I survived the move.
Being a homeowner is almost the same as renting. I still have chores, I still have to go grocery shopping, I still have to work out, and accomplish some kind of personal goal that makes me feel like a person and not a robot.
But there are differences and new challenges. I actually have to care about my neighbors. I have to care about having earthquake insurance. I have to care about my plumbing, my electrical, my roof, my backyard.
There is a never-ending slew of projects. Right now it's redoing the sewer lateral, and painting two rooms to prep for my next challenge of being a landlord. After that, it's make the backyard stop looking like an empty weed filled lot, make the in-law unit an actual living space, make the front yard look less like someone went to Mars and then just dumped the red rocks they stole all over it.
Those are just incoming/ongoing projects. That doesn't include figuring out new furniture arrangements, making sure the tree in front is trimmed, or learning to sleep with new sounds.
It hasn't been bad, though it hasn't all been good either. It's been mostly okay with special days of awful, like when we found out that the sewer lateral estimate that came in our disclosure packet was off by about $7k, or when we thought about redoing the electrical and that turned out to be $25k.
We also learned that we have to draw a line somewhere when renting out rooms to friends. They have to actually have a job that they don't intend to quit a day after signing the lease. They need to understand the legal ramifications of entering a lease. It's difficult. I suppose that's why you don't go into business with friends.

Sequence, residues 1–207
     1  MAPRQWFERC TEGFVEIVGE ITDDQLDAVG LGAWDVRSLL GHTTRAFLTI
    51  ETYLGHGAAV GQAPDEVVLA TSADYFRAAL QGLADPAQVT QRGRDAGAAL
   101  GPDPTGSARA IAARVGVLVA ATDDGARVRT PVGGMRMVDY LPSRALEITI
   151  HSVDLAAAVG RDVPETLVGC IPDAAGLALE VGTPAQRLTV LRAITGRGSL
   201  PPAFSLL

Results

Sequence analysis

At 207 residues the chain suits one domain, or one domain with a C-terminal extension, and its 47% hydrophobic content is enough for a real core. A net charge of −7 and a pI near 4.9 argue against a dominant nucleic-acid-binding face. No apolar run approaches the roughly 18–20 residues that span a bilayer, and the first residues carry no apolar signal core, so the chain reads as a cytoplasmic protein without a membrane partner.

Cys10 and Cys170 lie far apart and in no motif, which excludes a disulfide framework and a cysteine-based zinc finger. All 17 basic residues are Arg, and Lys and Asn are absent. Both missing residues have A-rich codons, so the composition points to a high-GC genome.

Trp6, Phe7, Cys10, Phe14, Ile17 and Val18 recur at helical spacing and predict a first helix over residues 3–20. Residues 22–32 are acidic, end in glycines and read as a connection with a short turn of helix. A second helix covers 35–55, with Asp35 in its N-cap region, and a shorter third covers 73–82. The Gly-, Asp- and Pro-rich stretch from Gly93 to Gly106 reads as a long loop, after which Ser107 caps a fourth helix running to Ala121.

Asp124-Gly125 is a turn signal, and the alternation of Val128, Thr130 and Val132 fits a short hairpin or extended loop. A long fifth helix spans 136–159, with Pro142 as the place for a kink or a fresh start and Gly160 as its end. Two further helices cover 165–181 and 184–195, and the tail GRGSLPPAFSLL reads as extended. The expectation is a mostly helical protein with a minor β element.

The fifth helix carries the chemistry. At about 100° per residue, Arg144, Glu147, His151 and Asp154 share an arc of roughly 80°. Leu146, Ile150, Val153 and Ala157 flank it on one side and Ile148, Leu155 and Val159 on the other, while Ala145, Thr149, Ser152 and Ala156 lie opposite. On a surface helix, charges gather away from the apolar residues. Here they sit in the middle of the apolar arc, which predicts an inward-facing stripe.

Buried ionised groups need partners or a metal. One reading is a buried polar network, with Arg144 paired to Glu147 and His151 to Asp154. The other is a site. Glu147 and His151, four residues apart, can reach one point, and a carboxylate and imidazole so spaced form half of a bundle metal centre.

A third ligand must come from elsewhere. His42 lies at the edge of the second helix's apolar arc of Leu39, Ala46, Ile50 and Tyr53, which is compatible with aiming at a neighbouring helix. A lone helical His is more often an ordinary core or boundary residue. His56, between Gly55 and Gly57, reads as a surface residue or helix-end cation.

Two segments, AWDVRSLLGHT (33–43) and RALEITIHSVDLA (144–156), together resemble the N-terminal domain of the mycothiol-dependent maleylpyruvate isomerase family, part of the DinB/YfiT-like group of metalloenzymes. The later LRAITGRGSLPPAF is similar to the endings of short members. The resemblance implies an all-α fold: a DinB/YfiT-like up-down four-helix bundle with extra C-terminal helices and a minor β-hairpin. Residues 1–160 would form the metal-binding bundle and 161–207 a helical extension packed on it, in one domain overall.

The added responsibilities of homeownership pile up quickly. There's all the maintenance, and the new loyalty to your neighborhood. You don't want to be the shit house on the street bringing down property values, your neighbors glaring at you as they scuttle about their carefully made front yards. You want the nearby elementary school to be good. You want the local businesses to thrive. You have to care about zoning and property taxes, sex offenders, and environmental regulations.
The important thing is to pick your battles like any good general. You choose what weekends are house work, and what weekends are for you, and you realize that it will be a long time, maybe even never, that the latter will greatly outnumber the former.
It's a challenge that isn't for the faint of heart, I think that people should talk to their doctors before they attempt to buy a house.
The real thing is what you decide to do once you get a clean bill of health.
I survived the move.